History and Progression of Atomic Theory. Structure of the Atom. An atom is the smallest particle of an element that retains the chemical properties of that element. The nucleus is a very small region located at the center of an atom.
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Surrounding the nucleus is a region occupied by negatively charged particles called electrons.
Democritus asserted that space contained an infinite number of particles
Named atomos, “not cutting” or "indivisible”
Atoms are eternal and invisible; absolutely small, so small that their size cannot be diminished; totally full and incompressible.
Atoms are homogeneous, differing only in shape, arrangement, position, and number
Matter is neither nor destroyed during ordinary chemical reactions or physical changes
– (electrons) and + (protons) particles.
Current passed through a glass tube filled with various gases at low pressure from the cathode to the anode (terminals of the voltage source)
Think of rungs on a ladder, except the distance between the rungs is not constant!
The number of neutrons is found by subtracting the atomic number from the mass number.
Law of definite proportions: a chemical compound contains the same elements in exactly the same proportions by mass regardless of the size of the sample or source of the compound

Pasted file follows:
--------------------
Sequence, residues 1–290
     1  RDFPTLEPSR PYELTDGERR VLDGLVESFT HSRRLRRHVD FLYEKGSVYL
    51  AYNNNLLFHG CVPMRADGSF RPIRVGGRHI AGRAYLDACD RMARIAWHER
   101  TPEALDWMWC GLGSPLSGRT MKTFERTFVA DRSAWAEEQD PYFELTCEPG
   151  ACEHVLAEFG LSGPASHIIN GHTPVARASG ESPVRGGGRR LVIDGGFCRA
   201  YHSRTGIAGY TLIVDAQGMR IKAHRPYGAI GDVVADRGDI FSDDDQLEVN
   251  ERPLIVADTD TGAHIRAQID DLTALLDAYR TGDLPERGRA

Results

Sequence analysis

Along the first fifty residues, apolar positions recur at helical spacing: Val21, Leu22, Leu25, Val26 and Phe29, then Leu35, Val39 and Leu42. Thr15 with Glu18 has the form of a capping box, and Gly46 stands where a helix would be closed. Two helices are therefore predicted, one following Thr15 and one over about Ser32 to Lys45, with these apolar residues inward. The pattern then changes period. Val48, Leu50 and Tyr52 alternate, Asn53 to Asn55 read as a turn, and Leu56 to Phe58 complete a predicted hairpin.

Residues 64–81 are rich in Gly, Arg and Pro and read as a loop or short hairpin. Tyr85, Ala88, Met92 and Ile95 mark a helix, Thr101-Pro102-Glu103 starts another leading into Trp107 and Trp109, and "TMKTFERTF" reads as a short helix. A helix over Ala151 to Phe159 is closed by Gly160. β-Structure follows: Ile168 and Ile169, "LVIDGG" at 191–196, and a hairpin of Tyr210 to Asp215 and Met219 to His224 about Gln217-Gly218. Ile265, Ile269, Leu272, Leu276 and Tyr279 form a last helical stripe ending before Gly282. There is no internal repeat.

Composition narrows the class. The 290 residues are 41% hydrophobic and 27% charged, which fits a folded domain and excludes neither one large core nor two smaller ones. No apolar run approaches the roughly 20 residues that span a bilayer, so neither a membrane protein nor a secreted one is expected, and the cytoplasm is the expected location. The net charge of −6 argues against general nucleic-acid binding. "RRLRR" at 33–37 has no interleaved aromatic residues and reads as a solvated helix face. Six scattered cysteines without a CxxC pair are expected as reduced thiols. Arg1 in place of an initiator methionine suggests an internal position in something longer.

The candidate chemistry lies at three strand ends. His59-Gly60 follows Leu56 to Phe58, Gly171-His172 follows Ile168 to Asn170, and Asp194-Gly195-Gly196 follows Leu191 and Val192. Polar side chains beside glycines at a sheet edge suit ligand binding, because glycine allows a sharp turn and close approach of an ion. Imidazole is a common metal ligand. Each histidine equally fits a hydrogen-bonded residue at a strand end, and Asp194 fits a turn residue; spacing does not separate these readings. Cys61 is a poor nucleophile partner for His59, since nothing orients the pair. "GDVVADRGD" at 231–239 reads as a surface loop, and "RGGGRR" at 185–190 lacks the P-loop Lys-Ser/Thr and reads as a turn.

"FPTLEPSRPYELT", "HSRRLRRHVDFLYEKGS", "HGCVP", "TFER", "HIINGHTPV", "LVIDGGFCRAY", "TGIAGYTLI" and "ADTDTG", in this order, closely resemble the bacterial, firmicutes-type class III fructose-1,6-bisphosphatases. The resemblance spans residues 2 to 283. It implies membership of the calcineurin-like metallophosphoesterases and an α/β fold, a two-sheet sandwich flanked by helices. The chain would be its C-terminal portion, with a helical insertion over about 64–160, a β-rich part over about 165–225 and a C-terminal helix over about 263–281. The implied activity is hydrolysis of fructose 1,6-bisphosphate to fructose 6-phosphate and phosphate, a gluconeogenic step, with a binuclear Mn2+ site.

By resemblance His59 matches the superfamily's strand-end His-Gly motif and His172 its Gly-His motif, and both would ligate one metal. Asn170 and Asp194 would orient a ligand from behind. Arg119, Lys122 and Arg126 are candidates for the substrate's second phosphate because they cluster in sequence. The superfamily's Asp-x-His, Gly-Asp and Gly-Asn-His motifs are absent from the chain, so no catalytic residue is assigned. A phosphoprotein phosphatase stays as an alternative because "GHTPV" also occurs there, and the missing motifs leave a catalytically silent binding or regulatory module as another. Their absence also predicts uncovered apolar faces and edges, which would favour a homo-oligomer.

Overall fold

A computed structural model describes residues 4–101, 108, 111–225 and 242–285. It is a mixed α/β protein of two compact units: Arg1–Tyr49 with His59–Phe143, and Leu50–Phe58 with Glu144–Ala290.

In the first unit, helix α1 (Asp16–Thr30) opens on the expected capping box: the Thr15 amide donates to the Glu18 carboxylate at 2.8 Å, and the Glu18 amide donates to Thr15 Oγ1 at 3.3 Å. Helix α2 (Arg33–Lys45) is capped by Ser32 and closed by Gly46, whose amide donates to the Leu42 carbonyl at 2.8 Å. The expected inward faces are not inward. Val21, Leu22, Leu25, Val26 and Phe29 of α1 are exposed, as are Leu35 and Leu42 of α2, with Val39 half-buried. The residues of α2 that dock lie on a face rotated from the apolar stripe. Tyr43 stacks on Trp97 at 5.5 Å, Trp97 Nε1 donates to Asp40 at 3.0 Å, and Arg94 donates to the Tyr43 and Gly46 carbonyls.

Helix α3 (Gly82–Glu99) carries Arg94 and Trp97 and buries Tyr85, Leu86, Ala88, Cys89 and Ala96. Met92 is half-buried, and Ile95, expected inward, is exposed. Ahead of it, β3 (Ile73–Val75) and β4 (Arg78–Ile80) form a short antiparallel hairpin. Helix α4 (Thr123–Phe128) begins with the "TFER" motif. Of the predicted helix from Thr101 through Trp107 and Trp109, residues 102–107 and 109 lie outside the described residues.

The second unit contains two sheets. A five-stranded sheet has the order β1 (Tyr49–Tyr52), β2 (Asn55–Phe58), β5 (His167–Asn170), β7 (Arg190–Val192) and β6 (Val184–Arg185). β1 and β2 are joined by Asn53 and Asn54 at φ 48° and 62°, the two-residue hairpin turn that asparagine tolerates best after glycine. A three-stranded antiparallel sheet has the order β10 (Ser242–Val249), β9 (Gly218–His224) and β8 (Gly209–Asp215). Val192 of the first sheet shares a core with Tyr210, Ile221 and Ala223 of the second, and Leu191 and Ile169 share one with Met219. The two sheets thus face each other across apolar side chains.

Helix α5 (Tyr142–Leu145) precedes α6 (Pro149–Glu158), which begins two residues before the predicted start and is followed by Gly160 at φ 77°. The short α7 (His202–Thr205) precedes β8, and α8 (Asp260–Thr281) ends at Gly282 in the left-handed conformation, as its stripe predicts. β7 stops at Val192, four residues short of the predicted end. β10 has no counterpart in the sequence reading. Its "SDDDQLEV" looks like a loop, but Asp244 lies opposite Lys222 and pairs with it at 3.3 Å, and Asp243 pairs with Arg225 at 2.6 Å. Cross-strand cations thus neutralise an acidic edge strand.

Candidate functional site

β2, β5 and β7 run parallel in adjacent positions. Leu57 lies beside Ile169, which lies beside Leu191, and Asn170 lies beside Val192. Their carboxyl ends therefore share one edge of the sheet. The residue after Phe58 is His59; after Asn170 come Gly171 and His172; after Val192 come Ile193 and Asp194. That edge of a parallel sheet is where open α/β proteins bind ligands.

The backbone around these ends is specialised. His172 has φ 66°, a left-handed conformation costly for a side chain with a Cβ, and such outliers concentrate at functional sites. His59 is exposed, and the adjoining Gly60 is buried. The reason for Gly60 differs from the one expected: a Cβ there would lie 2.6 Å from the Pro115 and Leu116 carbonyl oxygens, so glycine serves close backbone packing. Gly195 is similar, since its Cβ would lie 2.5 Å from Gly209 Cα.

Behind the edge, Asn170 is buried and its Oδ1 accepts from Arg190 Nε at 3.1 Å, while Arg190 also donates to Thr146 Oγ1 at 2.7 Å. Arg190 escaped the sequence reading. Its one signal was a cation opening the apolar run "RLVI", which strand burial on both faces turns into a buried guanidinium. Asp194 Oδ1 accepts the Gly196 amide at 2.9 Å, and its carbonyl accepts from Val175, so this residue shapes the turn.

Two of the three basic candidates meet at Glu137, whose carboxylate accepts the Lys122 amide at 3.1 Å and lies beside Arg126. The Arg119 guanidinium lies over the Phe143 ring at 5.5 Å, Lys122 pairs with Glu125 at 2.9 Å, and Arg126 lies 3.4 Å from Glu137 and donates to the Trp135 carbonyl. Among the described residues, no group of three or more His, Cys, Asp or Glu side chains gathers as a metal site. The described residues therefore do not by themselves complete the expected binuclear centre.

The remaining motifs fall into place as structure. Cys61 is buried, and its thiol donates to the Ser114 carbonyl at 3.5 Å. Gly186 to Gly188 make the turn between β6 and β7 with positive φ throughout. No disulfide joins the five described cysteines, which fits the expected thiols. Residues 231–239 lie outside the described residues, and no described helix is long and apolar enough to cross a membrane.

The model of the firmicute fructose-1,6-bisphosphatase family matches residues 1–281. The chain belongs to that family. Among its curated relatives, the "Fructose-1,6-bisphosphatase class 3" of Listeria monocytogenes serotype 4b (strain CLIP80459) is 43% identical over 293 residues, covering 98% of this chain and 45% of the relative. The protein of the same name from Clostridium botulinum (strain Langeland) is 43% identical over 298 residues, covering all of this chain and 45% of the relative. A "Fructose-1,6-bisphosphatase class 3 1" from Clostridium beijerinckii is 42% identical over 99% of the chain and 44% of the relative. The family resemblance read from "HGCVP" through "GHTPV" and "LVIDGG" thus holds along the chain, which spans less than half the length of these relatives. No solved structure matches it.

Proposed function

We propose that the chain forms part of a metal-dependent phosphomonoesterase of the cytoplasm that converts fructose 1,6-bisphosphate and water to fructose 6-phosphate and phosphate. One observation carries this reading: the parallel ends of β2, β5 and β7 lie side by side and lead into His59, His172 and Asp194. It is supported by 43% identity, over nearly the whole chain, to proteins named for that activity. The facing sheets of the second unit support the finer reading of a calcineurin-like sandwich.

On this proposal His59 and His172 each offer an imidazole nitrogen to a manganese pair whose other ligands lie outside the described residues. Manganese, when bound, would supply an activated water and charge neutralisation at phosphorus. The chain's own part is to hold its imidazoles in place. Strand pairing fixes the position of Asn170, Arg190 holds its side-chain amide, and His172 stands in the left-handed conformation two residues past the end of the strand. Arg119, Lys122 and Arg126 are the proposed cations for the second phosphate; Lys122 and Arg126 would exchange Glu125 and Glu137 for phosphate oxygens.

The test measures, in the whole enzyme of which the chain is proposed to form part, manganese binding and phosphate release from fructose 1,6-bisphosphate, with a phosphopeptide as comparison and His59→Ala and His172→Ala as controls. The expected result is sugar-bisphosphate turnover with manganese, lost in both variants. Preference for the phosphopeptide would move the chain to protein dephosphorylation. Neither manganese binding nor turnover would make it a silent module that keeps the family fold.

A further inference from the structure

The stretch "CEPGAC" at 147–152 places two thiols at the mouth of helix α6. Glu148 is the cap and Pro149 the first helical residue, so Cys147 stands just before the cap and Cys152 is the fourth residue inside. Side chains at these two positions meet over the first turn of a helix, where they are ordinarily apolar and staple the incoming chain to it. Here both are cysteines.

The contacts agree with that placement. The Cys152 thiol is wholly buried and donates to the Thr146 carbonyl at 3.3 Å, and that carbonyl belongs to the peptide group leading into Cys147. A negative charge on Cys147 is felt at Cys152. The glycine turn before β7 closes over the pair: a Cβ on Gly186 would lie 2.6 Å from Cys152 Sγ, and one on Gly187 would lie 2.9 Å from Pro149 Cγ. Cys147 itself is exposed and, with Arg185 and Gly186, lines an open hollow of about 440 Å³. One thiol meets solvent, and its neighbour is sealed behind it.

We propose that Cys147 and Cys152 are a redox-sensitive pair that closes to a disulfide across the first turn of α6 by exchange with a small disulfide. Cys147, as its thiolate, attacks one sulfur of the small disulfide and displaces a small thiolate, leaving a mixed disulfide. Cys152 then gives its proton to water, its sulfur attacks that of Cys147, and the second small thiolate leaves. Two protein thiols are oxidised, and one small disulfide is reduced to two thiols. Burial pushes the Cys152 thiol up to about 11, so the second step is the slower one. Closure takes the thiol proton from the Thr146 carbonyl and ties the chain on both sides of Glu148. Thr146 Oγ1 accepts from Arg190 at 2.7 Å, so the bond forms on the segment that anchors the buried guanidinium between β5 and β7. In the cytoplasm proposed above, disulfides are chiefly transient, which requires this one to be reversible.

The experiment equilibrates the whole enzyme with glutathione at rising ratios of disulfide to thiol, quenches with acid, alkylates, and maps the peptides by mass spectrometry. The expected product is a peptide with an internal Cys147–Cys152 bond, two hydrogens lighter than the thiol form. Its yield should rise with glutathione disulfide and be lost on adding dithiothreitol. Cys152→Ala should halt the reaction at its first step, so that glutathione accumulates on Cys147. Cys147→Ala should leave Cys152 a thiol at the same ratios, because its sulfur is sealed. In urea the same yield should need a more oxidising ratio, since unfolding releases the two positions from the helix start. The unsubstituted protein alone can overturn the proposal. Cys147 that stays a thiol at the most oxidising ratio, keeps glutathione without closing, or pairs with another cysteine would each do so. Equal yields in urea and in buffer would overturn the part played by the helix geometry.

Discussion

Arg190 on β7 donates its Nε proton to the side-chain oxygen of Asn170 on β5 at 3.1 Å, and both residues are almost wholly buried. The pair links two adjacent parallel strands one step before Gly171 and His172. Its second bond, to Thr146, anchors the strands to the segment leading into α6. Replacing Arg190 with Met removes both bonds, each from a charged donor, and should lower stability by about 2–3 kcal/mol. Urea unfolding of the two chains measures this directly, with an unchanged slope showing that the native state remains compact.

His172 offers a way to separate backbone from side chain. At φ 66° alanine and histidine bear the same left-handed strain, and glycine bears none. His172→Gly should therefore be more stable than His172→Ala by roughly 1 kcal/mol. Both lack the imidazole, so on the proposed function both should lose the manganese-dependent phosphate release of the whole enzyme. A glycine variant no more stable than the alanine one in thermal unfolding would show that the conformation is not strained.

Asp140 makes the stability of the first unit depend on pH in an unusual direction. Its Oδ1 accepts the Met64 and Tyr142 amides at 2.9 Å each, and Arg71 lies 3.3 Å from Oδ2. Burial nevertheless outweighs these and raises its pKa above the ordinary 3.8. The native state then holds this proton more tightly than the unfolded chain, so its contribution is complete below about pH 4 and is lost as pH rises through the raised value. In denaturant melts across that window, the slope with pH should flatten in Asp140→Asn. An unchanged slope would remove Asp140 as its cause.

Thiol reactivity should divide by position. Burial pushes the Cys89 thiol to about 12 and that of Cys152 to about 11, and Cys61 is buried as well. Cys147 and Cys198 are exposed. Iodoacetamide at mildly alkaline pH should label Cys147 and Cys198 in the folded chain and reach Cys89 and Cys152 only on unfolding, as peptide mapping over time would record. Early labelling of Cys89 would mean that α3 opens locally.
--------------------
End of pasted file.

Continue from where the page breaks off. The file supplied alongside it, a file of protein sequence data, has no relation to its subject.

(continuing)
Law of multiple proportions: if two or more different compounds are composed of the same two elements, then the ratio of the masses of the second element combined with a certain mass of the first element is always a ratio of small whole numbers
The standard used by scientists to compare units of atomic mass is the carbon-12 atom, which has been arbitrarily assigned a mass of exactly 12 atomic mass units, or 12 amu.
One atomic mass unit,or 1 amu, is exactly 1/12 the mass of a carbon-12 atom.
The atomic mass of any atom is determined by comparing it with the mass of the carbon-12 atom.
Average atomic mass is the weighted average of the atomic masses of the naturally occurring isotopes of an element.
Calculating Average Atomic Mass
The average atomic mass of an element depends on both the mass and the relative abundance of each of the element’s isotopes.
Copper consists of 69.15% copper-63, which has an atomic mass of 62.929 amu, and 30.85% copper-65, which has an atomic mass of 64.927 amu.
The average atomic mass of copper can be calculated by multiplying the atomic mass of each isotope by its relative abundance (expressed in decimal form) and adding the results.
(0.6915 × 62.929 601 amu) + (0.3085 × 64.927 794 amu) = 63.55 amu
The calculated average atomic mass of naturally occurring copper is 63.55 amu.